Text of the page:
Eating more home cooked meals, especially for lunch – most days, lunch is a very haphazard meal that’s thrown together quickly. A bowl of pasta or noodles with blanched vegetables and a fried egg captures a lot of what I eat on weekdays. That said, I really appreciate being able to get in more home cooked meals, even if they’re quick and very simple. On the whole, I eat more healthily now that I work from home and have access to my kitchen to prepare lunch.
Getting to travel for work – the way we’ve been able to balance being fully distributed with still having a tight knit team culture is by having a few team get-togethers each year. I really love being able to travel for work – for me, work travel weeks are a chance to go all-in on work. That means I’m usually a bit delinquent on clearing my personal inbox, keeping up in group chats with friends, and staying on top of home chores when I travel. On the flip side, I’m able to enjoy lunches and dinners with my colleagues and have some really fun conversations about not just work, but also our lives and all the other things we’re doing outside of our jobs. I really like being able to go all-in and be in a focused headspace when I travel for work. Additionally, at TestBox, we rotate where we go for our team get-togethers since we don’t have a hub where people are concentrated. I’ve really enjoyed seeing different places and always having somewhere new to explore.
At the end of the day, there are also significant benefits from a company’s perspective. For TestBox, we save a ton of money by not having a physical office, which makes a meaningful difference as a venture-backed startup thinking about runway. We have, of course, had to be really deliberate about creating culture and making sure that the team bonds. We’ve always had standing time on the calendar for socializing to make up for the spontaneous interactions that are more likely to happen in person than over Slack. A few examples include:
We have a recurring weekend catchup where the team gathers and shares what they did over the weekend
We have regularly scheduled games time where we get together to play games every week
We do socials and fun team events every so often to celebrate new people joining or just to spend some extra time together
In a fully distributed setup, you need to create structure to enable social time, and that can feel odd at first. Once it’s ingrained in the culture, it starts to feel like a new normal and all of these different habits are now second nature for me.
Of course, there are times when I miss socializing with my coworkers and being able to grab a few minutes with someone to whiteboard or talk through a problem together. That said, we’ve found lots of ways to get around that (in addition to what I list above). We build in a lot of time at our quarterly team onsites for socializing. Outside of onsites, when we have topics that require a lot of brainstorming and whiteboarding, we get together in person to “co-locate.” Otherwise, when we are in need of a quick live discussion, we’ve been embracing Slack Huddles lately or we’ll just do a quick phone call. We are also always looking for ways to introduce more effective asynchronous collaboration into the mix as well – whether it’s new tools for documentation or flow charting or new process flows that allow us to solicit input from different teams without pulling everyone into meetings.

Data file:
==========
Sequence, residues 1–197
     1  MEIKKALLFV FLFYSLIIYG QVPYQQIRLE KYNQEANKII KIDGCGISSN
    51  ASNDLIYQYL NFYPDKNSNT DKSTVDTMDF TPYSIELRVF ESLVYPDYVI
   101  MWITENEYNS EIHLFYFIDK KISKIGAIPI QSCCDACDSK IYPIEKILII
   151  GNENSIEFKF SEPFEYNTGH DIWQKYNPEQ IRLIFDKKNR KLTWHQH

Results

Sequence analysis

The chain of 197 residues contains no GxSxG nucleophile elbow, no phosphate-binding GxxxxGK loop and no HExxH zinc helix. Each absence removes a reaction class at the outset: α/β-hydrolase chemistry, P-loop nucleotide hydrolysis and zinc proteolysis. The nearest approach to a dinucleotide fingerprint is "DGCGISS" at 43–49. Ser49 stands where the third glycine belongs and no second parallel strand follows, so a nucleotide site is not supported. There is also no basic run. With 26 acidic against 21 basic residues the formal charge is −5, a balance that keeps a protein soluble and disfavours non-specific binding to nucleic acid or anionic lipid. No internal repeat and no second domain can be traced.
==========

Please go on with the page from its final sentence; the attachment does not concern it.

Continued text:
On the whole, I don’t think we work any less productively than we would have in person. In fact, it’s pretty awesome that sometimes we get to fully focus in a way that we wouldn’t be able to in an office. There are times when I give the team a heads up that I’m going to be off Slack to go heads down and I can really get into the zone. (Pro tip: If you do this, throw your phone number into your Slack status in case of anything urgent coming up.)
All in all, while sometimes I miss certain parts of being in an office with my coworkers (I didn’t even mention the opportunities to find free food), it’s been a really worthwhile tradeoff for me. I couldn’t imagine losing the flexibility to make my work life fit elegantly around my personal life, having a really optimized work environment that works well for me (i.e. my home), and being able to dive 100%+ into work on the weeks when we’re in person together. It’s made me happier, improved the quality of life overall, and significantly helped reduce the Sunday scaries, which I think really speaks for itself.
I know there’s a lot of other perspectives on this, so take all of this with a grain of salt. There are definitely certain jobs/industries/roles that lend themselves better to this sort of setup than others, and I know a lot of it depends on each individual. Dive into the comments with your thoughts, especially if you’re someone on the other side of the spectrum!
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Personally, I’m a huge fan of distributed work and I could go on about how much it’s improved my quality of life with the increased flexibility. Setting up a fully distributed company well requires being deliberate as you build the culture and set norms. If done right, there are significant benefits to the company as well as the employees.